Cioran, Platone e la città del rancore
Cioran, Plato and the city of rancour In this paper we will compare the portrait of the tyrant made by Cioran in History and Utopia with the portrait made by Plato in the Ninth book of Republic: especially we will focus on the issue of «the government of the passions». On the one side, we will underline some platonic elements which arise from Cioran's considerations on politics and ethics; on the other side, our goal is to understand the reason why Cioran asserts the anti-platonic thesis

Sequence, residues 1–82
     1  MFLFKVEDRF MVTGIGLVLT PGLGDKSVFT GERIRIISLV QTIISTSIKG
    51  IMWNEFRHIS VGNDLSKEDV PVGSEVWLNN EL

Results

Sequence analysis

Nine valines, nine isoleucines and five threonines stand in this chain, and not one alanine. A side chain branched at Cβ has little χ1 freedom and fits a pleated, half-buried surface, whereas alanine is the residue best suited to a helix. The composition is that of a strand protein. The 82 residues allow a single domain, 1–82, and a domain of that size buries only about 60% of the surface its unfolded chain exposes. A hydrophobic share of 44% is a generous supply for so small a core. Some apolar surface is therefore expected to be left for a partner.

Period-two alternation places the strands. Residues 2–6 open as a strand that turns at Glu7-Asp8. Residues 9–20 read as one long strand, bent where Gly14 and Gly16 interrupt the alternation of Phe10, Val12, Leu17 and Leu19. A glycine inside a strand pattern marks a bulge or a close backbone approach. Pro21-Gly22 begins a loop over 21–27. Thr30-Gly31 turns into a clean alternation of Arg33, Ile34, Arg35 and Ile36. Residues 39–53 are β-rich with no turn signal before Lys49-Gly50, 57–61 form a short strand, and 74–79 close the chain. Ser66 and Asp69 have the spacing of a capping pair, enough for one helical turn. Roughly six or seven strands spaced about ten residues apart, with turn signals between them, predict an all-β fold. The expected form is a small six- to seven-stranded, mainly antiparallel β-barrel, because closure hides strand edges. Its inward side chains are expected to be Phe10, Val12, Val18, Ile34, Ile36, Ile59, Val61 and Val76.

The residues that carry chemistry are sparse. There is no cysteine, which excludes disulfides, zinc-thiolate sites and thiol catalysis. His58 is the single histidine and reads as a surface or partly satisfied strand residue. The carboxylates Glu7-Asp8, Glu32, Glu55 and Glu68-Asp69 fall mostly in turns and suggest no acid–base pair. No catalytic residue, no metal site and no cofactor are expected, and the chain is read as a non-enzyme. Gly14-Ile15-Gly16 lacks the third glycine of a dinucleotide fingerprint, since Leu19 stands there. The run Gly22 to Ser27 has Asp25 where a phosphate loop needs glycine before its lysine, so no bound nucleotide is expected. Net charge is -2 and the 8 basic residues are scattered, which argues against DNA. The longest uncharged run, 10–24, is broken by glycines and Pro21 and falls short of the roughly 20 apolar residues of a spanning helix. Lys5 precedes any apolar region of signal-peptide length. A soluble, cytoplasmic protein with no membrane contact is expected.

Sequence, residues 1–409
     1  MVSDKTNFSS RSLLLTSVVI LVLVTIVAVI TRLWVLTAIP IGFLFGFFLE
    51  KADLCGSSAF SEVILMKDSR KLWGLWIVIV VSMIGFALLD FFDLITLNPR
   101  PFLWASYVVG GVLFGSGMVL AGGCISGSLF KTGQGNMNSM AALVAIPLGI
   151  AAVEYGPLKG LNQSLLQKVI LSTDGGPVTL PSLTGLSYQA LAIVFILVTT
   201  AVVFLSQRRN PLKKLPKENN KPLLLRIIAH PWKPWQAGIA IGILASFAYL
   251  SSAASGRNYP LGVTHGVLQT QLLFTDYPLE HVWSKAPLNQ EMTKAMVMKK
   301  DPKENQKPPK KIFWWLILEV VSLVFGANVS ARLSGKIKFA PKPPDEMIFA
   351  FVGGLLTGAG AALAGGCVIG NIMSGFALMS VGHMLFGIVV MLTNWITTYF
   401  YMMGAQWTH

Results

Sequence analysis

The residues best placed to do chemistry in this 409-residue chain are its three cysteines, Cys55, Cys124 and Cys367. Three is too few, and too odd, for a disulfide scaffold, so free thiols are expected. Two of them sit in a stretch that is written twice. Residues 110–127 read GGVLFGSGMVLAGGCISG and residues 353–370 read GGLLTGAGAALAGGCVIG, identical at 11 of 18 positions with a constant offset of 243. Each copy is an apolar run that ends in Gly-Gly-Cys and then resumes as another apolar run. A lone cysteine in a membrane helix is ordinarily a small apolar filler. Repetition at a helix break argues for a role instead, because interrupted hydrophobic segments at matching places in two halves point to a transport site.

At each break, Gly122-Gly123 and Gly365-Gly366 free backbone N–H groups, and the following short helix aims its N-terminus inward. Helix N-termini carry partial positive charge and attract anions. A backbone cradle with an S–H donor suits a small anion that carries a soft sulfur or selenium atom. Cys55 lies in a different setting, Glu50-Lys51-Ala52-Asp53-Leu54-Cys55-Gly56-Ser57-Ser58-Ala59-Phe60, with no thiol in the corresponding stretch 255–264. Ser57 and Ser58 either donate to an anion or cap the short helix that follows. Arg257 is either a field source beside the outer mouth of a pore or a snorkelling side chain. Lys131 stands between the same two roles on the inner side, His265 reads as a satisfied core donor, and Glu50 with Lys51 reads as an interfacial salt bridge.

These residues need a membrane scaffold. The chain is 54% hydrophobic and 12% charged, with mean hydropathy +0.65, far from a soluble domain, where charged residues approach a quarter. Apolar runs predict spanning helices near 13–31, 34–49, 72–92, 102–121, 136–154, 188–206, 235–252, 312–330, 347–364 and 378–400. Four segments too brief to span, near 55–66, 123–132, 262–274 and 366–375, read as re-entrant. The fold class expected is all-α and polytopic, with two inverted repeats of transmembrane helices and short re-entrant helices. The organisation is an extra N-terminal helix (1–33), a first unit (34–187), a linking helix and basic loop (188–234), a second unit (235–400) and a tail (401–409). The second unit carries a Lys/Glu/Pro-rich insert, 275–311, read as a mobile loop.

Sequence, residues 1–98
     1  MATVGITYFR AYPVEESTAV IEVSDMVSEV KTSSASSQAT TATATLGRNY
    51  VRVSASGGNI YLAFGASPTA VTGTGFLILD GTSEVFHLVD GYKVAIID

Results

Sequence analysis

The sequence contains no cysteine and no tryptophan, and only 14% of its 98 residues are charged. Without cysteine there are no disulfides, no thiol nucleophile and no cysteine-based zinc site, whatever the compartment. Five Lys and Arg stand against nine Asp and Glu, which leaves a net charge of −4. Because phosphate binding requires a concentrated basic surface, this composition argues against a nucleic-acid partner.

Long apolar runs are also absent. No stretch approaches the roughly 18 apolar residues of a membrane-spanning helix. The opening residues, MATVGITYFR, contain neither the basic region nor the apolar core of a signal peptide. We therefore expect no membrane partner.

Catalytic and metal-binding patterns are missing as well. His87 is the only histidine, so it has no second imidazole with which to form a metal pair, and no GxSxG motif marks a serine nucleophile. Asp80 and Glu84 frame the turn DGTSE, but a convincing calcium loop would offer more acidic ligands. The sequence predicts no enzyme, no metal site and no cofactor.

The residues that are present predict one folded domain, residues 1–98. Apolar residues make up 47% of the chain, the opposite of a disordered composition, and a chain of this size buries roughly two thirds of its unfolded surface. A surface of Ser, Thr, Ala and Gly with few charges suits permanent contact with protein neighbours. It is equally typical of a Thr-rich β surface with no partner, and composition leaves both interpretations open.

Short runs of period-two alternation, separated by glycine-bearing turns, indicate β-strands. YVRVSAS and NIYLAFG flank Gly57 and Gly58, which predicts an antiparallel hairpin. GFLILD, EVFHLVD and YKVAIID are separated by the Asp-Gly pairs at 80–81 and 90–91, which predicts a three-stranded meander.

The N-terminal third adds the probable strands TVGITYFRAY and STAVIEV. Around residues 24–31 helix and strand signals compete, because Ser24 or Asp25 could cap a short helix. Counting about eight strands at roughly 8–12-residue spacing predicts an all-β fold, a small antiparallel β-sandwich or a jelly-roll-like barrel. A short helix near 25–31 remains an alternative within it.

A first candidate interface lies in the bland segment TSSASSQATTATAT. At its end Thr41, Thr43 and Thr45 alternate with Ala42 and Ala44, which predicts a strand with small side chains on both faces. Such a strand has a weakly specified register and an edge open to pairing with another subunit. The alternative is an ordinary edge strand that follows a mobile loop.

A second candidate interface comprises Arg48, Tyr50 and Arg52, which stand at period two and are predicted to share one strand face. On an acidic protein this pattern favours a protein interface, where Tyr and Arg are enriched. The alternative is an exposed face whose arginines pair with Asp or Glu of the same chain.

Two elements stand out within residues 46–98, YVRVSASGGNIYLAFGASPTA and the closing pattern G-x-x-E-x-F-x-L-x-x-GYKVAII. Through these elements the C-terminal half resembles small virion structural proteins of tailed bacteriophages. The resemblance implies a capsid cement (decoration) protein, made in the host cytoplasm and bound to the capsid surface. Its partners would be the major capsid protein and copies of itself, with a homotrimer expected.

... tonic thesis according to which the philosopher cannot be – and will never be – a good ruler of himself. Our examination is divided into four points, concerning four theoretical aspects that can be found in Cioran and Plato: the tyrant's unreal happiness; the metaphors of «body» and «illness» related to the structure of the soul and its passions; the similarity between «the well proportioned statue» and the philosopher's self control; the question of the «engagement» in political life. Two very different images of «philosophy» will emerge from this analysis; both of them are "paradigmatic" answers to the platonic question: Is the philosopher the only man who can take care of himself and of others? Plato does answer affirmatively, appointing his philosopher as the only one who can rule the «multitudinous beast» of his own irrational appetites. Cioran, conversely, does assert that the philosopher is not better than any other man, by pointing out how he's nothing but a «concoction of beast and ghost, a furious man who would live in a metaphor».